Third Sunday of Easter – B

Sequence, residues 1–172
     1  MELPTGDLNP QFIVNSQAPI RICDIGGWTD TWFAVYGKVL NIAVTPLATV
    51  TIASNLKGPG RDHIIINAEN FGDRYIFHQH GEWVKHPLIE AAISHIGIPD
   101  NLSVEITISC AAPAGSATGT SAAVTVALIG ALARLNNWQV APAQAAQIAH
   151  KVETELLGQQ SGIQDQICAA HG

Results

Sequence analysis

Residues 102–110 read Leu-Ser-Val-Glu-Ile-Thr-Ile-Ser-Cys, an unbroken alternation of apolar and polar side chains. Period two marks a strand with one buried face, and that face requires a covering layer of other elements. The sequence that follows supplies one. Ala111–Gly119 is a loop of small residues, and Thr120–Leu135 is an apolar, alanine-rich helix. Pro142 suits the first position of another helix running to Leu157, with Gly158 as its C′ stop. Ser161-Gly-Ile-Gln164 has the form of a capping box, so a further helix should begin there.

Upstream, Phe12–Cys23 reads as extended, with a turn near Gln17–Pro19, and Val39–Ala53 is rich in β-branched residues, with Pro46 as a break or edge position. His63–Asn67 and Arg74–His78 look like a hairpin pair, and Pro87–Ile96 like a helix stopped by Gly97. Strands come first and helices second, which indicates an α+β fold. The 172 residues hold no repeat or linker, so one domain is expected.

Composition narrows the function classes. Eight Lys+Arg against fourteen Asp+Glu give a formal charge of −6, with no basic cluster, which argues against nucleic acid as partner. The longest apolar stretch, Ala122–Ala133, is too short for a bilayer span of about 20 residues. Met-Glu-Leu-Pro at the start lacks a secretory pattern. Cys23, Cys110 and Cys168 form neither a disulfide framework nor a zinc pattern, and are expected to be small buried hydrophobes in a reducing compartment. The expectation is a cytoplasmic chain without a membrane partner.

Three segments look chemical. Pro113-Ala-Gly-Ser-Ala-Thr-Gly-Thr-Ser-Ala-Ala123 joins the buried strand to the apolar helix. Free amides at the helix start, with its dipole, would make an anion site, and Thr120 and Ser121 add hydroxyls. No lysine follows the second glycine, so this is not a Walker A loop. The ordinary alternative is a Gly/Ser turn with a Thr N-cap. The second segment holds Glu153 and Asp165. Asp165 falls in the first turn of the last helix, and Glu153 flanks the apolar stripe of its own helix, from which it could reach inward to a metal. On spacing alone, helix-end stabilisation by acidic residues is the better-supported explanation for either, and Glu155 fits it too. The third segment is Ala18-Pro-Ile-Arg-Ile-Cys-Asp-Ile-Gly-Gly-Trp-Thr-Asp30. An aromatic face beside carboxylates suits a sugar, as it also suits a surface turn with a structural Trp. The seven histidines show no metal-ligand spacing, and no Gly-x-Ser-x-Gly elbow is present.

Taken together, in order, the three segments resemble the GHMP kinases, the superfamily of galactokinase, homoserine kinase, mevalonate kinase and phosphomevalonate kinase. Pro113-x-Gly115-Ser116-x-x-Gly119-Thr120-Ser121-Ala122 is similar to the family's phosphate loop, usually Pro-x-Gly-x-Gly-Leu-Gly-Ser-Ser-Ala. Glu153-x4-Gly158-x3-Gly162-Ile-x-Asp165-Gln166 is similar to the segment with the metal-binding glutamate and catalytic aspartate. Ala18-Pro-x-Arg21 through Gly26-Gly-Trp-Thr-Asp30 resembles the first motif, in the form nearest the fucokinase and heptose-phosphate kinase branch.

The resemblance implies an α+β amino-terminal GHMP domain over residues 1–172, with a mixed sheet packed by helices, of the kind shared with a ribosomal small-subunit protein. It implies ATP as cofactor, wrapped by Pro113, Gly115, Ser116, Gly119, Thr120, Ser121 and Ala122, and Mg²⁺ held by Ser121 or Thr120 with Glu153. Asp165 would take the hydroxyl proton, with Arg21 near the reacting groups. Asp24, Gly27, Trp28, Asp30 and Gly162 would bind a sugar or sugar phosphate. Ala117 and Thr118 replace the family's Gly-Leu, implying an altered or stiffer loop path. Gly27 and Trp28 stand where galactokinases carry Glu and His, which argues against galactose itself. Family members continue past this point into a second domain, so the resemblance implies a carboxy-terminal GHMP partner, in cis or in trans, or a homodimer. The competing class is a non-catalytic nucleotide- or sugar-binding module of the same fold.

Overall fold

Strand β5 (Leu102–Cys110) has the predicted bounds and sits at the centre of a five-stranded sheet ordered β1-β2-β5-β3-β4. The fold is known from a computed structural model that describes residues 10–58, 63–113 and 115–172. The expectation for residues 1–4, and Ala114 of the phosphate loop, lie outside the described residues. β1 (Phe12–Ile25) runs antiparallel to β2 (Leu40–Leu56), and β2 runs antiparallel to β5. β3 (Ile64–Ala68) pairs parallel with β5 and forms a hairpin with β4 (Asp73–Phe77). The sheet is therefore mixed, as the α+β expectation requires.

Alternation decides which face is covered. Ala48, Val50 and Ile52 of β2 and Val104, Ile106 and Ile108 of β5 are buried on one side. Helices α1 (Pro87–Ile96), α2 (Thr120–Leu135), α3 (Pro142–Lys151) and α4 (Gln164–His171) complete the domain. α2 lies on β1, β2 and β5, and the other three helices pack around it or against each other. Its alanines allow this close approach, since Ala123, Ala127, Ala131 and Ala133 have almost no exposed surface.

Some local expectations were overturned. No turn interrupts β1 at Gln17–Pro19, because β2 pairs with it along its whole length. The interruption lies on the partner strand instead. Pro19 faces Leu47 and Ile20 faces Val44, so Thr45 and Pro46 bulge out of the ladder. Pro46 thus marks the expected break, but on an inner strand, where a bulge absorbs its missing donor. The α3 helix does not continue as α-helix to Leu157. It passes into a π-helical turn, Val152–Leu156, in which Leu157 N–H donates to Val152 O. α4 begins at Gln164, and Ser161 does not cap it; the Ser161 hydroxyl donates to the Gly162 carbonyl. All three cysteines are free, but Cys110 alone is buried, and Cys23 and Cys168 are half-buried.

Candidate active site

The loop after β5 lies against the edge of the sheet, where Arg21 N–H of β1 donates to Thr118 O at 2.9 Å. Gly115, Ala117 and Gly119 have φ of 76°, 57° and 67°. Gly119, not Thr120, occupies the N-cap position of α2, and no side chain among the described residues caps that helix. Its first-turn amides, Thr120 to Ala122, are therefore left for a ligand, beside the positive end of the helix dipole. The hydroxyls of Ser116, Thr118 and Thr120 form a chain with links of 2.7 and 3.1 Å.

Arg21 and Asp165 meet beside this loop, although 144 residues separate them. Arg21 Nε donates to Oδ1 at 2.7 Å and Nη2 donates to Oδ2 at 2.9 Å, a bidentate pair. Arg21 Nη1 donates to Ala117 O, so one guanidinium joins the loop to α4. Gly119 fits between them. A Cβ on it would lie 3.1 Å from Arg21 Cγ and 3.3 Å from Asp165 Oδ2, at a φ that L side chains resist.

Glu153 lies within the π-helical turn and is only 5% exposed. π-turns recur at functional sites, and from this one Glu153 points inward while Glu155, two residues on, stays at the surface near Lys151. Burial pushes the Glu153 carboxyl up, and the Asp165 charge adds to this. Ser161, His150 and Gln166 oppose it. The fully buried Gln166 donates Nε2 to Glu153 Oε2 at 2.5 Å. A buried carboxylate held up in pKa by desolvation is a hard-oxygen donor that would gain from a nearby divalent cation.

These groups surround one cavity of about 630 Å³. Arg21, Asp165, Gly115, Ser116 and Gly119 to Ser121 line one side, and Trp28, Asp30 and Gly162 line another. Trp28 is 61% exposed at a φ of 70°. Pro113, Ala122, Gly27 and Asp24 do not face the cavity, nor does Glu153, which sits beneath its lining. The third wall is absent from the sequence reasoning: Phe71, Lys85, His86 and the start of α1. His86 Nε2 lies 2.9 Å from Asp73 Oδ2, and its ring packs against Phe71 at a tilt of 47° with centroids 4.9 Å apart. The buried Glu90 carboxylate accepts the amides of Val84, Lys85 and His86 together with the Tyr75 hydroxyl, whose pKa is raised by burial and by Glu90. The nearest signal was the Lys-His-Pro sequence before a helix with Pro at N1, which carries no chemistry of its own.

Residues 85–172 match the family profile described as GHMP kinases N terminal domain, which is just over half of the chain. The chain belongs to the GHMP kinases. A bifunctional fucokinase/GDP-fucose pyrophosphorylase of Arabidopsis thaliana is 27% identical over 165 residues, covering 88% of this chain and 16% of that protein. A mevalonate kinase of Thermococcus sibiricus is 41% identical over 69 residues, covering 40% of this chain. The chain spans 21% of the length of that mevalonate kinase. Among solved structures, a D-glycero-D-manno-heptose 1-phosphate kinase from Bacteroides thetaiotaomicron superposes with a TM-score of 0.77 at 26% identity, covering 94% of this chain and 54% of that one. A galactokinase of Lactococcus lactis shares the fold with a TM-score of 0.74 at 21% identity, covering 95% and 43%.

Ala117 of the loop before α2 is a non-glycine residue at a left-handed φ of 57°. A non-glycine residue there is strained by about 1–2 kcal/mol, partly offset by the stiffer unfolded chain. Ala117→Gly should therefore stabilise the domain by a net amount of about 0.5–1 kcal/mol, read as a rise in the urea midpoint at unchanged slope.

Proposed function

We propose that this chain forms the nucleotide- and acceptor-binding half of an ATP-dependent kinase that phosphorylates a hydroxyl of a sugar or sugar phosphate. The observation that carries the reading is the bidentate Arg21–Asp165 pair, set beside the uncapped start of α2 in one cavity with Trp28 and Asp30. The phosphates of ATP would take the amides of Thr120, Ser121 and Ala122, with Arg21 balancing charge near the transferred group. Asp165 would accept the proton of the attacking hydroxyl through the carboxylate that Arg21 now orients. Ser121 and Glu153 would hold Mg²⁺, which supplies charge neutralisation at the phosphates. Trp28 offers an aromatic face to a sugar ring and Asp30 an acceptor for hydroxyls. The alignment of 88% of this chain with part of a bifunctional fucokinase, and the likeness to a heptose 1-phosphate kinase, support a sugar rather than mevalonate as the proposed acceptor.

Ghosts make very good stories. Shakespeare gave us the ghost of Hamlet, Oscar Wilde gave us the Canterville ghost, and Charles Dickens gave us three ghosts in a Christmas Carol. Ghost stories are very old and it’s quite possible that the apostles had heard ghost stories. When they saw Jesus, for the first time after his resurrection, they thought that he was a ghost; and it’s hard to blame them; because the last thing they had heard of Jesus, is that He was dead, dead on the cross.  How could he be alive with them in the room now?  Jesus knew that he had to give them a sign. He sat down and had a meal with them. When they saw him eating, they believed? This gospel story is very important for all of us because we like the apostles also have moments of darkness and uncertainty.  Many times, questions arise in our hearts: ‘is it all true?’  ‘Did this really happen?’  ‘Do I really believe in Jesus, or do I believe in a ghost?’  When these questions arise, we don’t need to worry.  Great saints have gone before us with the same questions. St. Francis knelt before the crucifix in Assisi and prayed, ‘enlighten the darkness of my heart, give me true faith, hope, and perfect charity. In a letter to her spiritual Director, Rev. Fr. Michael Van Der Peet, St. Mother Theresa of Calcutta wrote wearily about an absent Christ in her life: “Jesus has a very special love for you,” she assured Fr. Van der Peet. “[But] as for me, the silence and the emptiness is so great, that I look and do not see, – Listen and do not hear – the tongue moves [in prayer] but does not speak. I want you to pray for me – that I let Him have a free hand.” There will be moments in our lives too when we must pray like this.  The real answer comes from Jesus himself; he gives us the gift of faith; he teaches us to see with the eyes of faith so we can see what we have never seen before; to hear what we have never heard before; to go where we have never gone before.  On the great journey of faith, which is more beautiful than any other journey; when we have the risen Jesus in our hearts, we become messengers, and we can pass on the light of Christ to others; just like we do at the Easter Vigil. We can be light in darkness, joy in sadness, community in isolation. We can be a people of peace, a people of hope in times of despair. We can be Eucharist to dry bread, wholeness to a broken life.